Safe House At Red Bank UMC Is Making A Difference In The Community

Monday, December 30, 2013 - by Phil Wade

With the moving of Red Bank Middle School this year, students who want to attend Safe House at Red Bank United Methodist Church have to take a bus. On average, 25-50 of them make that trip every week day. 

It’s a healthy decision, notes Rev. Jeff Lambert, pastor of Red Bank U.M.C. “With latch-key kids in middle school,” he says, “they are old enough to stay home by themselves and just old enough to get into trouble.” Add to that stronger emotions and developing maturity, and handling these kids can be a challenge, but at Safe House the kids have somewhere to go until their parents get home. “Parents who don’t get off work until 5-6 love it. They don’t have to worry about their kids.”

At Safe House, the church offers games in their gym, laptops for learning, and game systems for playing. “We do a 15-minute devotion,” Rev. Lambert explains. “Sometimes it’s religious in nature and sometimes it’s practical advice, like staying in school and not doing drugs. We don’t try to shove the Bible down their throat, but we do share Bible stories.” 

They also organize tutoring with qualified volunteers, so those who need it can get help. 

“One-on-one tutoring for 30 minutes or an hour, three to five times a week, will make a difference in a kid’s grades,” Rev. Lambert says. “Sometimes you don’t want to ask dumb questions in front of your friends [in class], but if you’re with someone one-on-one, they can know exactly what you’re missing.”

Red Bank U.M.C. sees their community trending toward younger, more diverse, and lower income people, often single mothers, and free programs like Safe House are helping. Of those who come, 80-90 percent do not attend the church, though they may attend elsewhere.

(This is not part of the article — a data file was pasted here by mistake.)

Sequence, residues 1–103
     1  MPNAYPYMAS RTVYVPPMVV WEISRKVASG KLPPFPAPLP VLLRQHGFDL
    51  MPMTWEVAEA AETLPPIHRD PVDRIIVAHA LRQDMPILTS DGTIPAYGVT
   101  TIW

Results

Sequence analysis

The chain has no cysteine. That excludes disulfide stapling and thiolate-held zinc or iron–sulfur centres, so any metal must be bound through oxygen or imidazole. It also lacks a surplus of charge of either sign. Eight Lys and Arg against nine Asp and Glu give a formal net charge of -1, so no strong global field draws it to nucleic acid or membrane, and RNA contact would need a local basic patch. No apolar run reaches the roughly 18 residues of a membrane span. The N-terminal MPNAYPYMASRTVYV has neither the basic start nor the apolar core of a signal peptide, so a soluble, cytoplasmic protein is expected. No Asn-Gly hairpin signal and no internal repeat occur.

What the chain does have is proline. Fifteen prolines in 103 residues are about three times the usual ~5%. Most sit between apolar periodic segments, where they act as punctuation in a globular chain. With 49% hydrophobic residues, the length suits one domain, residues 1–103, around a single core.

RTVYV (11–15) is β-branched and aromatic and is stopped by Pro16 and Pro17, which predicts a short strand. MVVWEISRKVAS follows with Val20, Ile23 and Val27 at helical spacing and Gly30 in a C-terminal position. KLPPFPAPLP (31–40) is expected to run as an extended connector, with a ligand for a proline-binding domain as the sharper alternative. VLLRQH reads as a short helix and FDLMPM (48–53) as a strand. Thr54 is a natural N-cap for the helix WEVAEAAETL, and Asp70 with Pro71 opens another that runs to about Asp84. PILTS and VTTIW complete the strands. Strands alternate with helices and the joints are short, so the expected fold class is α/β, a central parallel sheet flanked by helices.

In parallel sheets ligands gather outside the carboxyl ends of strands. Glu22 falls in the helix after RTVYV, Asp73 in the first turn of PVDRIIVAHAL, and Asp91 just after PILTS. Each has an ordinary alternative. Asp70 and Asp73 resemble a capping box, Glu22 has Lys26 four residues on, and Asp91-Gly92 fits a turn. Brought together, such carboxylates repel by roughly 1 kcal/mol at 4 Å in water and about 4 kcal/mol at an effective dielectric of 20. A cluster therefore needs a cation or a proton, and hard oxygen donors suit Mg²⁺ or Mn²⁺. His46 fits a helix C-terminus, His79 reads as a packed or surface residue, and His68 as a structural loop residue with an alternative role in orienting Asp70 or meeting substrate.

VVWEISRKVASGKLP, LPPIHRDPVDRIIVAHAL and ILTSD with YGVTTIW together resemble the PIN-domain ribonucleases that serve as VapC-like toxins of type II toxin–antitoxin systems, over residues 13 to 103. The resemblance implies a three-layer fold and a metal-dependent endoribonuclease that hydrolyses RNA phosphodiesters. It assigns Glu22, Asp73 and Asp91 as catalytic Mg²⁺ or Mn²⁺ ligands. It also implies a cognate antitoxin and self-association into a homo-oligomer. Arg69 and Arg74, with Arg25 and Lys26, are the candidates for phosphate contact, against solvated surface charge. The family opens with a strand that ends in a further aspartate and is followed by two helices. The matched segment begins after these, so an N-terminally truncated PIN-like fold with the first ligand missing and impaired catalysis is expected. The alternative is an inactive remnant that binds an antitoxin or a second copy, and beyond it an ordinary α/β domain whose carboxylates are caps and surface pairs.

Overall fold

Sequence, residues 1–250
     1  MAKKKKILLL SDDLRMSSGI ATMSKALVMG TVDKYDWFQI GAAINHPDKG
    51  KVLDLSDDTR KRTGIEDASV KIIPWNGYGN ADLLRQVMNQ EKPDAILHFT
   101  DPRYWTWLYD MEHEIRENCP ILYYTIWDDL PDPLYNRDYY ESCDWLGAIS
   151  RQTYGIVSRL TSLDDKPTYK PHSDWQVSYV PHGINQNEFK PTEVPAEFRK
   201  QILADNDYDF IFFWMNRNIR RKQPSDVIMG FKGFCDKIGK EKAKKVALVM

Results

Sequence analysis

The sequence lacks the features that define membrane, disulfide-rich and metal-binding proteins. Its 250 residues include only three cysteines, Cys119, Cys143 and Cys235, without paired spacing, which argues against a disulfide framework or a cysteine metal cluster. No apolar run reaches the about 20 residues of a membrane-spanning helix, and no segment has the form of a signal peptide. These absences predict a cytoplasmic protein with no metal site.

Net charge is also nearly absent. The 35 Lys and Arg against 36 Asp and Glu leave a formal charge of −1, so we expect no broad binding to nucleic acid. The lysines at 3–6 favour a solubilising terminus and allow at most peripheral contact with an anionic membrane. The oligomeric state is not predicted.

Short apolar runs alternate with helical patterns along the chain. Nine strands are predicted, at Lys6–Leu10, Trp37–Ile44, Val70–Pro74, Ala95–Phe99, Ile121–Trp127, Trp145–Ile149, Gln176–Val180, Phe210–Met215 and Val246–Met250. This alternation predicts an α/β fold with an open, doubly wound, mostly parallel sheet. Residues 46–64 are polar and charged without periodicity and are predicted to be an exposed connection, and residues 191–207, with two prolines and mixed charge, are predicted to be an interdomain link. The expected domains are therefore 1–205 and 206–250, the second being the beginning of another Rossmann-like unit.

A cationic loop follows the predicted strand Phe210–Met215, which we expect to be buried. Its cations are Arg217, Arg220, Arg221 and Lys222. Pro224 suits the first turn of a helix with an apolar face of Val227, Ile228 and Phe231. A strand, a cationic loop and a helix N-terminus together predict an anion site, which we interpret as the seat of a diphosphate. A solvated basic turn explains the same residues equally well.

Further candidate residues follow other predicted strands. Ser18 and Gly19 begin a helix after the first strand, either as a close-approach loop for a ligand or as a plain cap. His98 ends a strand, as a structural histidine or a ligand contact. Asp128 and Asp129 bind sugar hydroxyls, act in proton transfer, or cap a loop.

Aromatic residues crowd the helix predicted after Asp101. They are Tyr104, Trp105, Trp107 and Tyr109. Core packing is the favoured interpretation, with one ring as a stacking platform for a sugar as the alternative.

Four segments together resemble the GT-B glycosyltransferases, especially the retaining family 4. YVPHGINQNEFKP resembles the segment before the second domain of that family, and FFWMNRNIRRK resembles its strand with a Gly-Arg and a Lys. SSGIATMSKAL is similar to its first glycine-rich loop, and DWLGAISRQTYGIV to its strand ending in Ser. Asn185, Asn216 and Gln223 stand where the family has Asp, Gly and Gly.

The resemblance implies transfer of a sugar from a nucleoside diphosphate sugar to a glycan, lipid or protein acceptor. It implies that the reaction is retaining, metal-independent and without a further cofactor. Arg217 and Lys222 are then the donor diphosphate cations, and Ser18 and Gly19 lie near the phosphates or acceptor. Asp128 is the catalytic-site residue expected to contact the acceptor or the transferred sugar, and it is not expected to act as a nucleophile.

Safe House has strict rules. “It’s very organized and supervised. Every room has an adult in it and cameras too,” Rev. Lambert explains. They want to the students to know they are being watched in order to help them control themselves. Both the rules and the supervision are there for everyone’s protection.  

“We want to make sure they know the church is a place where people love you,” he says.

Rev. Lambert talks about one young lady they have helped since her sixth grade year. “She’s a sweet girl,” he says. “When I first got here, we began trying to connect the [Safe House] kids to our church kids. We will feed them for free on Wednesday nights so they can connect with our youth, and she started coming to that. She was saved and baptized, and when we realized she was poor, we have been taking care of her ever since.  

“All you have to do is tell somebody here she doesn’t have a coat, and the next day I’ll have a coat for her. This church has people with a heart for kids. And then we found out she didn’t have a bed. She was sleeping on the floor. So I called this guy and told him about her. He said, ‘When does she want it? I’m off work. I’ll go get one.’”

Because this young lady is the only one of her family who attends a church, Rev. Lambert has been able to give her family some pastoral care. 

“We’re trying to make a difference in people’s lives,” Rev. Lambert says, by building trusting relationships. 

Phil Wade is a local writer and native Chattanoogan. Find him on Twitter: @Brandywinebooks or LinkedIn. He blogs regularly at Brandywinebooks.net



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